Walkaround #973

F-86 Mk6 Sabre Luftwaffe 

Reference photos by Jan Teipel

shows the pitot tube inside the intake (12 o'clock), the gun camera opening (dark oblong on lower intake lip), the landing lights (left and right below) and the folded forward nose gear door



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Enjoy the photos.

Jan Teipel

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shows four outlet openings: on the back fairing of the canopy for the cabin air-conditioning, aft of it, somewhat to the left another ellipsoid shaped (signal flare port? starting cartridge exhaust? who can shed light on this?) and two rectangular air outlets, one on the left side and one on the spine. Also visible, though fuzzy, is the fuselage separation line (to get at the turbine)

shows the shape of the fuselage/stabilizer blend, a gap through which the horizontal stabilizer is articulated (fully) and (again) the fuel dump vent

shows the fuel dumping vent (aerodynamic tube at 8 o'clock) a small vent under the exhaust, some ribrings inside the fuselage, the exhaust pipe itself, a trapezoid of heavy rivets with a rivet line in it's middle above the exhaust and the white aft position light just under the vertical stabilizer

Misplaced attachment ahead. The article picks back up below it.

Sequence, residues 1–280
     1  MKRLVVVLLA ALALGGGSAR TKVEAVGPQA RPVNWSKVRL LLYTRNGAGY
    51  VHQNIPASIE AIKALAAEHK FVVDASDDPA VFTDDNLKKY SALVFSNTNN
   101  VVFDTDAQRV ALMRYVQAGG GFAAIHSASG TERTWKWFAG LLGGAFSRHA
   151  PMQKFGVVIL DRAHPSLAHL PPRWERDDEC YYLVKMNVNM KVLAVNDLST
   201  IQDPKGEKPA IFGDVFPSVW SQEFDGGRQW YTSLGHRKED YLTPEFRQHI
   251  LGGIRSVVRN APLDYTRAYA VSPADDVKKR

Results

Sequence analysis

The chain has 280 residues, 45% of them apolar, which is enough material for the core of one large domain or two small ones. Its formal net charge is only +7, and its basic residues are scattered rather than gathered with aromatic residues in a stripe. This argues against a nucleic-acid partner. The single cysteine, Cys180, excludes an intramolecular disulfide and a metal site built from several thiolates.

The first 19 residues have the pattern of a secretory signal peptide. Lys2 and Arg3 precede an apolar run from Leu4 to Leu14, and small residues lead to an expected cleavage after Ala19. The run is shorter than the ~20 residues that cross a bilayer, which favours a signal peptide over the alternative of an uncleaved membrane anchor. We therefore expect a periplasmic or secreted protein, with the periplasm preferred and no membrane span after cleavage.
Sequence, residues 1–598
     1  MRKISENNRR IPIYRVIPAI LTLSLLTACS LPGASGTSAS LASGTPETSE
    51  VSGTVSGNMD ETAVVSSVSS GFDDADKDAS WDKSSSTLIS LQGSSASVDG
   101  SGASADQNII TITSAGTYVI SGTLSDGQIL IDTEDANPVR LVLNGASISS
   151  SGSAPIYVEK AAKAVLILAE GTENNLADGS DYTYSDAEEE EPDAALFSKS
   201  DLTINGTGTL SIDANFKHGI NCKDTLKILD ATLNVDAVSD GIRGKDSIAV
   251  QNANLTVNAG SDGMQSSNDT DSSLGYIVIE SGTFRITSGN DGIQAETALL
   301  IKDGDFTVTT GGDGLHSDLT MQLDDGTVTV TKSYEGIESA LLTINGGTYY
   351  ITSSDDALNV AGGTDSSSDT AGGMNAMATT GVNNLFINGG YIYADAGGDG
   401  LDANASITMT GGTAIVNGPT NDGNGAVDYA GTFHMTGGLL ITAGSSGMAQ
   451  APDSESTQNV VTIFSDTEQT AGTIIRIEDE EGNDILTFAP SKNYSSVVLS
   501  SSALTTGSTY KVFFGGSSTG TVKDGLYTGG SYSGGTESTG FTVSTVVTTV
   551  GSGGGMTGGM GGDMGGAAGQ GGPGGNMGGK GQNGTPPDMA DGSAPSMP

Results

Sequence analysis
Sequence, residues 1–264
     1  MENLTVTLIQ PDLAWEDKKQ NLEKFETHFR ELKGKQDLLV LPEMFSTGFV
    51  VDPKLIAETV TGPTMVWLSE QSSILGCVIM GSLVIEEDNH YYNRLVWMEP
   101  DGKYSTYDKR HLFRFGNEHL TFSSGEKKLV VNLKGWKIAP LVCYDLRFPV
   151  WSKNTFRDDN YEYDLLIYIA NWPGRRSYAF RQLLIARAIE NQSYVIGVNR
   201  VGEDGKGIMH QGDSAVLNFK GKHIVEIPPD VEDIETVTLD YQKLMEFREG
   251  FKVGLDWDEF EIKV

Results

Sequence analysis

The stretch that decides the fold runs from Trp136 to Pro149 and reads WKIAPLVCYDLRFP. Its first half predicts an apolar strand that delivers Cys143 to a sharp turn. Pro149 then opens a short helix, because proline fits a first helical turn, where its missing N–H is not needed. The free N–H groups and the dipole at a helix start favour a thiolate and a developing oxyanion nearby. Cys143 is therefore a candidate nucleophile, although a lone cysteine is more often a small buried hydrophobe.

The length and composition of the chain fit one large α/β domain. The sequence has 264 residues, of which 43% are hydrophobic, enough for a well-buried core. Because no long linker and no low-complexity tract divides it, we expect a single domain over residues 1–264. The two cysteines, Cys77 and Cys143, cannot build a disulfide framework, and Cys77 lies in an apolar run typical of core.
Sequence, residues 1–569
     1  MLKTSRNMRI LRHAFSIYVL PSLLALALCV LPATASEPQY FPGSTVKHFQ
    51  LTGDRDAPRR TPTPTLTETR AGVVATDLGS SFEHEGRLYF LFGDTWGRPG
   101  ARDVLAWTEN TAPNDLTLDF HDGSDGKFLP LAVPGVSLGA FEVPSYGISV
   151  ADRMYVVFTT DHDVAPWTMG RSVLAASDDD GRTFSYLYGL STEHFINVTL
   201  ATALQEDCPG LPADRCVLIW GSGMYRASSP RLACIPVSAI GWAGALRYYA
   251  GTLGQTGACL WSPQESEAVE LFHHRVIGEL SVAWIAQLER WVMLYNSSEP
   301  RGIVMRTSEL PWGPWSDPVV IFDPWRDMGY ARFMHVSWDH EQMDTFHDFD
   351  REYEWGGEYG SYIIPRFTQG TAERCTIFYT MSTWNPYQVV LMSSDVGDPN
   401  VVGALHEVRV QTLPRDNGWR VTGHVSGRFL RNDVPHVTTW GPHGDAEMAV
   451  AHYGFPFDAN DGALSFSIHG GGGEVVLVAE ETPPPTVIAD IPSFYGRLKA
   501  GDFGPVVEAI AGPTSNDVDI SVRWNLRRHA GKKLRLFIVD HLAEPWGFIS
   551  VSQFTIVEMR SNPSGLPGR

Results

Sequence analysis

shows the aircrafts belly just aft of the wings, visible are two intake scoops for cooling air (?) in the 4 and 8 o'clock position and two smaller outlets nearer to the middle.


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shows the fuselage's central section, right side. Notice the shape of the right cooling air intake scoop, just 5 o'clock oft the iron cross. The small redblock on the wing is just a fixture against hampering by museum visitors.

shows the right side of the nose landing gear. Visible are the attachment points of the retraction strut andof the forward gear well door. Also, one can see the tyre-valve (6 o'clock, inside the rim).

nose gear from rear.
is a view from the aft left, one can see the left side of the gear leg hinge, some hydraulic lines on the gear leg and part of the steering mechanism. Inside the well one can see a disk with four holes, serving as a caster/reel (please search for the correct word) and some tubing.


Photos and text by Jan Teipel